PostgreSQL in Multi-Master way using ObjectMMRS • Followed steps about changing from Master-Slave to Multi-Master • Without stopping Slony-I replication, we did all ObjectMMRS engine installation and configuration in all servers (central and stores servers) • We did the ObjectMMRS data dictionary creation in all databases (central and stores servers) • We created all CDC triggers with the TriggerGenerator utility of ObjectMMRS. • After everything installed, configured and checked we stop the RP system and the Slony-I replication. We stayed a total of 1 hour with database replication stopped, but only 5 minutes with the RP stopped. (only the time needed to activate ObjectMMRS triggers and empty Slony-I replication queue) • During 3 days we follow using the RP still in master-slave approach. The objective was to check if everything was working properly and compare server load with the Slony-I replication.
PostgreSQL in Multi-Master way using ObjectMMRS • Finally Multi-Master • After 3 days of master-slave usage and databases working properly we decided to move the first store in production to multi-master mode. • After one day following up the first store multi-master usage, we decided to change all the other stores to multi-master one by one day after day. • The central server was shifted from a prime role to a contingence role, being used only when the local database server stops.
PostgreSQL in Multi-Master way using ObjectMMRS • Problems during the multi-master change process • At the beginning of multi-master usage, often users randomly alternated using the system on the local server to the central server and vice-versa, as they had the URL of both. With the normal delay that WAN replication have to propagate, the user sometimes called the support telling that the system "lost" data, because it had inserted something in the local and then, a moment later (before propagation), did not found the data in the central base. • We could have blocked access to the central server to avoid this problem, but it was solved simply by assisting the user to always use the local server, switching to the central server only when there is a statement from IT.
PostgreSQL in Multi-Master way using ObjectMMRS • Multi-Master Immediate benefits • Compliments from the end user saying that the system was fast as ever before. (It is the result of using a local network system instead of WAN) • End User will never know if the internet link is down or not. The user continues using the system in local network • You can stop the central server for maintenance, tunning, etc., for a few minutes or hours without impacting the operation. • You can do the same with local servers asking users to temporarily use the central server. • Network traffic decreased, leaving more bandwidth for other uses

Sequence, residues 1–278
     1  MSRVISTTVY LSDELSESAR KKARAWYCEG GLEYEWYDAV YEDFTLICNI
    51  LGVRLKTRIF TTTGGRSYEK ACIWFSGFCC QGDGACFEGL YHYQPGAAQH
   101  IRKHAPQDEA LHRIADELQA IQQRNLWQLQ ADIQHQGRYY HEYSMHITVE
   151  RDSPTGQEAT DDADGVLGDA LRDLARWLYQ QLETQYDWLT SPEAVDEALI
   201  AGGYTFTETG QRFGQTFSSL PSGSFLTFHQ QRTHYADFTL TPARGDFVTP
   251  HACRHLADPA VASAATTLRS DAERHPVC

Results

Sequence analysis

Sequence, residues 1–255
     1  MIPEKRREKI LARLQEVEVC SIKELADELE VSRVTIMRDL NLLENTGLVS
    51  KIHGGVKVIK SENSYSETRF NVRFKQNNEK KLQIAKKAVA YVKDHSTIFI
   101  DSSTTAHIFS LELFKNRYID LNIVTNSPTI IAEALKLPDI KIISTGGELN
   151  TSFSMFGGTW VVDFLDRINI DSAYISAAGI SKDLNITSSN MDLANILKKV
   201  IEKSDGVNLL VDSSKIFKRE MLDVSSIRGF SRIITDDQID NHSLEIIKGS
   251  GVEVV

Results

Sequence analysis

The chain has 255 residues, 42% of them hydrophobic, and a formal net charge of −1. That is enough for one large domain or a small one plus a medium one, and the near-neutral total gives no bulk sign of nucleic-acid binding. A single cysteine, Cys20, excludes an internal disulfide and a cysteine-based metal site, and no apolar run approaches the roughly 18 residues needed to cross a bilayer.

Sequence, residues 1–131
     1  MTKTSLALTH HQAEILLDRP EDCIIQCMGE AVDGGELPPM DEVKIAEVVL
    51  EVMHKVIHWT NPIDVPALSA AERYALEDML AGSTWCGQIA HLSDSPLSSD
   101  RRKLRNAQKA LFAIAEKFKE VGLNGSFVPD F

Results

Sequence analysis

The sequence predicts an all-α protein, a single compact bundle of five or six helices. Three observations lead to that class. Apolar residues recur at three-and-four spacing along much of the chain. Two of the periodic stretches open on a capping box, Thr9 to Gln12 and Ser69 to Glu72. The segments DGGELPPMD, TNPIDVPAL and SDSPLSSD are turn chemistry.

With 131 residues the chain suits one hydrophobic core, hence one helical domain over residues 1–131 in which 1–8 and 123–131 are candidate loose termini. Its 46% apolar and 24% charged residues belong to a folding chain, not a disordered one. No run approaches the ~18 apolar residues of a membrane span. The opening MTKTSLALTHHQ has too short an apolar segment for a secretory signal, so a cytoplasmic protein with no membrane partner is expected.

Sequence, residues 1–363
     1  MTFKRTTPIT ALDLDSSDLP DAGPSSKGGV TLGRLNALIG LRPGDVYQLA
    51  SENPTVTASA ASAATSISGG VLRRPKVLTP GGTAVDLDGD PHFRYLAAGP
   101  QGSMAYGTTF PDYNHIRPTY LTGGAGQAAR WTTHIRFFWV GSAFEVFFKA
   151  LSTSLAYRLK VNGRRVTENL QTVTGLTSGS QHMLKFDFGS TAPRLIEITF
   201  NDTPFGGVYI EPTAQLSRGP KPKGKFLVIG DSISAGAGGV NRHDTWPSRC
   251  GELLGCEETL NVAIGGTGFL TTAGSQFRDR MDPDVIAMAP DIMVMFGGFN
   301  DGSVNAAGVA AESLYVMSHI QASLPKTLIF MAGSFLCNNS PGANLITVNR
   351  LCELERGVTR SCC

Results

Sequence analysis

PostgreSQL in Multi-Master way using ObjectMMRS • Operating on a daily basis • The ObjectMMRS has a Web tool that monitors to check that all servers are online and shows the queue size to replicate. • Warning emails are sent to the DBA in case of problems. • In the event of hardware failure of the local server: • The users start using the central server while the local server is down for maintenance • If the local server can not be recovered, a pre-configured backup server is put in place. There are 3 backup servers always updated by the replication software. • After replacing the server, users return to use the local server • Zero downtime and high database availability.
PostgreSQL in Multi-Master way using ObjectMMRS Screenshot of ObjectMMRS Control Panel: Monitoring Replication Status and Queues
PostgreSQL in Multi-Master way using ObjectMMRS Screenshot of Zabbix chart of replication queues
About ObjectMMRS • Technology • Lazy update anywhere protocol with timestamp update conflict detection and resolution • Licensing • Commercial annual license including upgrades and email support • Corporate – Unlimited server installations • Enterprise – More than 1 million INSERT/UPDATE/DELETE operations / day. • Standard – Less than 1 million operations / day. Pricing starting at US$ 590 annual. • Mobile – SQLite databases in smartphones, tablets, etc. Pricing starting at US$ 6. • Professional Services • Training • Database and application verification, Proof-of-concept, Installation • Technical support (Phone, Remote Access, Chat, Local)
Thank you ! • Contacts • email@example.com • firstname.lastname@example.org • www.object.com.br • www.objectmmrs.com • www.shibata.com.br